Top 10 Most Visited National Parks

Great Smoky Mountains National Park entrance sign; Jimmy Wayne photo.

The most visited park in the land; Jimmy Wayne photo.

I like data, I'm a bit of a nerd in that regard. One side of my brain likes the organic, unordered world of our natural national parks, but then the other side of my brain likes order and numbers and rankings. And so today, I present ranked visitation data for similar minded left-brained folks out there.

The National Park Service count people visiting the parks. Each park in the system has a method for figuring this out, which is actually a little more complex than clicking a counter every time a car drives past the entrance station. How do you separate recreation visits from, say, commuters which drive along a road that is managed by the park? Tough to answer, and that's why the NPS has statisticians on staff to figure it out. These statisticians once a year release a document that ranks all park units in the system based on visitation. Here is what they found for visits in 2006.

Top 10 Most Visited NPS Units
RankPark NameVisitation
1Blue Ridge PKWY 18,953,478
2Golden Gate NRA 13,486,824
3Great Smoky Mountains NP 9,289,215
4Gateway NRA 8,456,456
5Lake Mead NRA 7,777,753
6George Washington MEM PKWY 6,872,213
7Natchez Trace PKWY 5,713,583
8Delaware Water Gap NRA 5,254,216
9Cape Cod NS 4,487,716
10Grand Canyon NP 4,279,439

With 3 parkways and 4 recreation areas, that list doesn't necessarily represent the big, out-of-the-way destination parks that we typically picture when we think of a 'National Park'. And so, let me apply a filter to the data to isolate just the top ten National Parks.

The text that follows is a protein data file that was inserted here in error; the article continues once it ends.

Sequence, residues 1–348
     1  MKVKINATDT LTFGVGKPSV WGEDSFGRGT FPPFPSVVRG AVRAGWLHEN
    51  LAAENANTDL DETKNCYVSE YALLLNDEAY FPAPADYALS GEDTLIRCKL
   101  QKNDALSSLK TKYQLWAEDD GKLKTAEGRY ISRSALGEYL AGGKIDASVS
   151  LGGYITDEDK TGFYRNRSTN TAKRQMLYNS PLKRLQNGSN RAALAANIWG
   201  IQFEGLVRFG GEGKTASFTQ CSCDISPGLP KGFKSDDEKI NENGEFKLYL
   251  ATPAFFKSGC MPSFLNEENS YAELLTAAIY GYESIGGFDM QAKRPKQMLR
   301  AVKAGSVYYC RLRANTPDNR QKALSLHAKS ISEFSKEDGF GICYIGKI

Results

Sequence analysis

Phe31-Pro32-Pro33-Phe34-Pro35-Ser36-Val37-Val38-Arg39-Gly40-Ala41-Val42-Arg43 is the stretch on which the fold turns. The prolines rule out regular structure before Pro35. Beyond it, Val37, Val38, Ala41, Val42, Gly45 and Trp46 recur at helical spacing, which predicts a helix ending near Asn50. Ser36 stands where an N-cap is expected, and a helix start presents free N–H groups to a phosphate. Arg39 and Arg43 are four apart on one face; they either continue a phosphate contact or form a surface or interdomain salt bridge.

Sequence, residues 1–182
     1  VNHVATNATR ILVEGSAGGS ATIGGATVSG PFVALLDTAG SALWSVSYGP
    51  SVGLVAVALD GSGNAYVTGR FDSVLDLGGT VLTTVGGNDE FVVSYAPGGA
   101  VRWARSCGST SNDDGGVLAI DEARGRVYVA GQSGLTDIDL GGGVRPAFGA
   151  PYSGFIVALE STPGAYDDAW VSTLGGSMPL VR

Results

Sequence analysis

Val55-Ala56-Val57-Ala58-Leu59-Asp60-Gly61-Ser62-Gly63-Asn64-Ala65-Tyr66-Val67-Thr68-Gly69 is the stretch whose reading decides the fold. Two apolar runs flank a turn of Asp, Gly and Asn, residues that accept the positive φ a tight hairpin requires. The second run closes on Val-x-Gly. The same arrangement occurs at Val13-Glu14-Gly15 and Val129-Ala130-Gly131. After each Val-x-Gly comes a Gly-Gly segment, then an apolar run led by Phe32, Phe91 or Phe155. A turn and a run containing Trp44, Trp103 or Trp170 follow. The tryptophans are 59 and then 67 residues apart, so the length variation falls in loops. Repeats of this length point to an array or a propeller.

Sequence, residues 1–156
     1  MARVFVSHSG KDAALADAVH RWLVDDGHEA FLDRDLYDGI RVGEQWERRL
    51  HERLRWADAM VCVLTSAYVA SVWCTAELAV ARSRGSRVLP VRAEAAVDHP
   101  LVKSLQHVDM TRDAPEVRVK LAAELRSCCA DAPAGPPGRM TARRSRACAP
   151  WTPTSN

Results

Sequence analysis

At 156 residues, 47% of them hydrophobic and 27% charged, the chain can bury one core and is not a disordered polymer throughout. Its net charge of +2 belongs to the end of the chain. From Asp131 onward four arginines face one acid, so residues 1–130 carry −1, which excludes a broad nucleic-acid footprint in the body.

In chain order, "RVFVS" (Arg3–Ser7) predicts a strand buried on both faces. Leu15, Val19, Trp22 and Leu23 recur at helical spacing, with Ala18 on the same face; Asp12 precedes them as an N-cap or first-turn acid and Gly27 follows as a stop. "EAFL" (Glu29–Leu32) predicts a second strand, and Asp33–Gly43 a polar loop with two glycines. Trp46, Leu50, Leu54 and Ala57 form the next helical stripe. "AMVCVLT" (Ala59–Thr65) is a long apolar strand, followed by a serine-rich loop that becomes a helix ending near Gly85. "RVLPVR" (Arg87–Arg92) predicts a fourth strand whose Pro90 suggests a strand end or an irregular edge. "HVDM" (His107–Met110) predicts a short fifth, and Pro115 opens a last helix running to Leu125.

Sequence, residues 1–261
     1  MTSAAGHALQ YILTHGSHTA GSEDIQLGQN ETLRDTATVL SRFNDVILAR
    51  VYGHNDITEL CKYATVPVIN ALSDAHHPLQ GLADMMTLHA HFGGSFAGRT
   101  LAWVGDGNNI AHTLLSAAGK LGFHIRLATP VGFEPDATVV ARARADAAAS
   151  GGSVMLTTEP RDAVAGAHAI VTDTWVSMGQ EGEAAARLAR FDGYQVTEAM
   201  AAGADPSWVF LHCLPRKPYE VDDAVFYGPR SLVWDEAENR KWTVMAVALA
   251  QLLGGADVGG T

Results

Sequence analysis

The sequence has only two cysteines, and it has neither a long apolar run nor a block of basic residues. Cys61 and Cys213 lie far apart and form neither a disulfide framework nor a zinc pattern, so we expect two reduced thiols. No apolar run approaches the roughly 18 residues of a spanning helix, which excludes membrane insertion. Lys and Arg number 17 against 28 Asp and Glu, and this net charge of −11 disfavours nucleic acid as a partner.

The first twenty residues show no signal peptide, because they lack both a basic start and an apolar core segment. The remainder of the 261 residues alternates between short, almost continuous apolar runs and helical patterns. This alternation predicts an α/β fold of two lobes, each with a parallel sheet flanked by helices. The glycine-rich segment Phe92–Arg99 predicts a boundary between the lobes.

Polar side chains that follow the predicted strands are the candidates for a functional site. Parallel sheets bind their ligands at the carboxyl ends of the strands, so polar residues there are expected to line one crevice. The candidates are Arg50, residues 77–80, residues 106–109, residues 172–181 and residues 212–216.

Top 10 Most Visited National Parks
RankPark NameVisitation
1Great Smoky Mountains NP 9,289,215
2Grand Canyon NP 4,279,439
3Yosemite NP 3,242,644
4Yellowstone NP 2,870,295
5Olympic NP 2,749,197
6Rocky Mountain NP 2,743,676
7Zion NP 2,567,350
8Cuyahoga Valley NP 2,468,816
9Grand Teton NP 2,406,476
10Acadia NP 2,083,588

These two 'top ten' lists look pretty similar to last year's numbers, but there has been some movement in the bottom ten parks. Want to avoid the crowds? Check out these least visited park units. Aniakchak had only 60 visitors last year! It has been noted though, counting must be tough at Aniakchak considering there are no permanent buildings (NPS or otherwise) at the monument. The only real way to get there is by float plane, and even that can be tricky I've been told. Counting down from 10 ...

  • NHS - National Historic Site
  • NM - National Monument
  • NMEM - National Memorial
  • NP - National Park
  • NPRES - National Preserve
  • NRA - National Recreation Area
  • PKWY - Parkway
  • W&SR - Wild Scenic & Recreational River
NPS.visitation.ranked2006.pdf14.89 KB


It somewhat surprises me that Grand Teton is almost 500,000 visits behind Yellowstone. They're so close that you'd think someone making a long trek to Yellowstone would factor in time to visit its next-door neighbor.

And I'm not sure it's fair to include the George Washington Memorial Parkway, as I believe it receives a lot of commuting traffic.

The Zion number seems a tad high, too, as there's only one small, six-mile-long canyon that lures the lion's share of the traffic, and you need to ride a shuttle bus to do that, unless you're staying at Zion Lodge. Of course, visit in July or August and I'm sure you'll think the overall number is a bit low.